Turning to transport, Europe remains the safest air space in the world and the EU intends to ensure it stays that way. On Monday evening, Parliament will discuss a provisional agreement on common rules in the field of civil aviation. Parliament’s focus in the proposals has been on adapting the rules to heavier air traffic and emerging technologies in aviation, such as drones. The new rules have already been approved by the Committee on Transport and Tourism, and are ready for formal adoption during this month’s session, with debate scheduled for Monday evening. Free movement of goods in the EU is also essential to the success of the internal market. However, the large-scale use of heavy-duty vehicles in transport has consequences for our environment, as they emit around a quarter of all road transport CO2. Parliament proposals extend EU targets to reduce these emissions, to encompass new administrative fines on manufacturers who fail to comply, and introduce new on-road verification tests. On Monday evening, Parliament will consider the final agreed text on monitoring and reporting of CO2 emissions and fuel consumption of heavy-duty vehicles that seeks to stimulate market uptake of cleaner, fuel-efficient, heavy-duty vehicles.
A proposal to amend and simplify the European Market Infrastructure Regulation (EMIR), which deals with the regulation of OTC derivatives in the EU, will be debated on Monday evening. The 2017 Commission proposal covers issues with the clearing obligation, reporting requirements, risk-mitigation techniques and trade repositories in the ‘over-the-counter’ (OTC) derivatives market. Parliament’s Committee on Economic and Monetary Affairs is proposing further amendments that would boost transparency, compliance with reporting requirements, and access to clearing, including the principle that clearing services be provided under fair, reasonable and non-discriminatory (‘FRAND’) commercial terms.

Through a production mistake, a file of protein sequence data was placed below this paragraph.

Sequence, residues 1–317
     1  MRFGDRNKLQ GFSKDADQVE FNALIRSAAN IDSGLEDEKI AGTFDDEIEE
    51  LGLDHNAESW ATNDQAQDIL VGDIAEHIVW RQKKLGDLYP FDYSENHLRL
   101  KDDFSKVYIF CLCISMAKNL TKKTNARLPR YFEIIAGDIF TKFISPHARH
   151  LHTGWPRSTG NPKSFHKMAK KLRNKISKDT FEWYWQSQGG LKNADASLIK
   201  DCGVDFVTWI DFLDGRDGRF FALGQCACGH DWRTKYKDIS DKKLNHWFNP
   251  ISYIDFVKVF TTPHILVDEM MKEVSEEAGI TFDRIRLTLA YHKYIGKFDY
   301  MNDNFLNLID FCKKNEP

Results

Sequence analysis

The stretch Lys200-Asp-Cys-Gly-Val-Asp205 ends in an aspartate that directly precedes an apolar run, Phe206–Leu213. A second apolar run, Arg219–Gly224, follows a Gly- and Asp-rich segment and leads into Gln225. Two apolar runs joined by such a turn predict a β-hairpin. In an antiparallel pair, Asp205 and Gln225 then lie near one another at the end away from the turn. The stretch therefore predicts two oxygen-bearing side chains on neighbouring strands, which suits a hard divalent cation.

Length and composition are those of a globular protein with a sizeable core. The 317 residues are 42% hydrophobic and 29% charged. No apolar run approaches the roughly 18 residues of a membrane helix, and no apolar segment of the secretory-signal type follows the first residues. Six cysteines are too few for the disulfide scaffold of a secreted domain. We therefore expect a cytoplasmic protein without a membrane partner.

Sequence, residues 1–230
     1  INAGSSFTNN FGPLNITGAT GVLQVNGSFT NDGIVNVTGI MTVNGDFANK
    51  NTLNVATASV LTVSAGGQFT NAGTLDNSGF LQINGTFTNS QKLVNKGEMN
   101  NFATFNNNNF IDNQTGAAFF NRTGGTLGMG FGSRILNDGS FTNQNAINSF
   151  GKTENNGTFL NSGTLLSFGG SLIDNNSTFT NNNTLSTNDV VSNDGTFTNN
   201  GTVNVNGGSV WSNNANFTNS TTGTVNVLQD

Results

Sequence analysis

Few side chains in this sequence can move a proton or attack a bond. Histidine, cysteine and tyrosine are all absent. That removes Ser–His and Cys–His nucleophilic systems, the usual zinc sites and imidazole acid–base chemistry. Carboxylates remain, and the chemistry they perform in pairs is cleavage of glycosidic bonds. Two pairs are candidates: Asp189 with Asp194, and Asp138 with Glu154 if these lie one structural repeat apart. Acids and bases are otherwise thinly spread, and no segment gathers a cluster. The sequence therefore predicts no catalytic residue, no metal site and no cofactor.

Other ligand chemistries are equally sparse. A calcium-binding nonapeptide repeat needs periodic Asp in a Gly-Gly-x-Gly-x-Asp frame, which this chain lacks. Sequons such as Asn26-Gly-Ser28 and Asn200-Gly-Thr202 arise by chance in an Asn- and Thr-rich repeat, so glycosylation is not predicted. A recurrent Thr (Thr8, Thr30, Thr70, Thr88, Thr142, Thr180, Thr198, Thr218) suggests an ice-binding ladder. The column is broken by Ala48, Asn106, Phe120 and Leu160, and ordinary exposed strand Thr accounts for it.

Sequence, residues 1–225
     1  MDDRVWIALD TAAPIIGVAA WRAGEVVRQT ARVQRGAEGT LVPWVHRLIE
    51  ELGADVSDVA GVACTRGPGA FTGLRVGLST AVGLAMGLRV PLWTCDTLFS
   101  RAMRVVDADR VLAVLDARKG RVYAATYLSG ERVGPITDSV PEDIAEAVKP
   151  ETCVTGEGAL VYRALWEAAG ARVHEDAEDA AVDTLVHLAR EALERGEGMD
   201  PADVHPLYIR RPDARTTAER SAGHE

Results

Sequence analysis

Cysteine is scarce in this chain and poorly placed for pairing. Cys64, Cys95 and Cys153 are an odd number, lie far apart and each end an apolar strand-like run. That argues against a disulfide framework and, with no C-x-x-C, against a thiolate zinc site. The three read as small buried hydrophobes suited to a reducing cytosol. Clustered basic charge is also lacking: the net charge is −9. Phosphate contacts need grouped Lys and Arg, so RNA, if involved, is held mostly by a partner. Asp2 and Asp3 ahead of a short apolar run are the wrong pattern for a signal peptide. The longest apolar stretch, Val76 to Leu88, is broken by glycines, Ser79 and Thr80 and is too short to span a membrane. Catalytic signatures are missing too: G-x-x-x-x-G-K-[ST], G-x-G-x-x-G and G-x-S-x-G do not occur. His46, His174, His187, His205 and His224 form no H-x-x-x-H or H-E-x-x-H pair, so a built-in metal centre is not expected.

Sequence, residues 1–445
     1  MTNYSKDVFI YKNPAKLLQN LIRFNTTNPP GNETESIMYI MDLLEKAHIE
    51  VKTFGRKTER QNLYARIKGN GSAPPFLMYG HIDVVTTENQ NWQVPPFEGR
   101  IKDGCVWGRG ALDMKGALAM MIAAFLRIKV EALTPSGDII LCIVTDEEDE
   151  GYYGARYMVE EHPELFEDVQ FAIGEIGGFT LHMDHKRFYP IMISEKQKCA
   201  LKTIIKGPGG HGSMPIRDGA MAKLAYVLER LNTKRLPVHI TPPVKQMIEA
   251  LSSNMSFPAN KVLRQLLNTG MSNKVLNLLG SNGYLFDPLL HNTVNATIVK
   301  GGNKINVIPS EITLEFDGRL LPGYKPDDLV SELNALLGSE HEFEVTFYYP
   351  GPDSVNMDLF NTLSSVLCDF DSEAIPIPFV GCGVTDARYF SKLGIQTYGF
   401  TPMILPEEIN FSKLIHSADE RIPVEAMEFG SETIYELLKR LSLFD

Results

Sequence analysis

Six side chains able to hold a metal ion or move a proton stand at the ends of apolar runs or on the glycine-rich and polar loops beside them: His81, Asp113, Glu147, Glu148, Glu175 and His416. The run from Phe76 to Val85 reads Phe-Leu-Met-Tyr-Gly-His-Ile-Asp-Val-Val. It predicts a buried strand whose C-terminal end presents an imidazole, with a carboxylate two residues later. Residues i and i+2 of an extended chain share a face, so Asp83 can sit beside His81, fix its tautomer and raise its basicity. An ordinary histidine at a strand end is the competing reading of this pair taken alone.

On Wednesday evening, Parliament will consider a compromise text on a proposed directive introducing a proportionality test for new national regulations for professions, which affect employment in areas such as medicine and architecture. Public concern has been expressed regarding the inconsistent application of proportionality principles and a lack of transparency in the access to such professions, which is decided by Member States individually. Parliament’s Committee on the Internal Market and Consumer Protection obtained a compromise between addressing unnecessary national requirements and allowing a specific status for healthcare services, and Council’s desire to limit obligations regarding the transparency of the national regulatory process.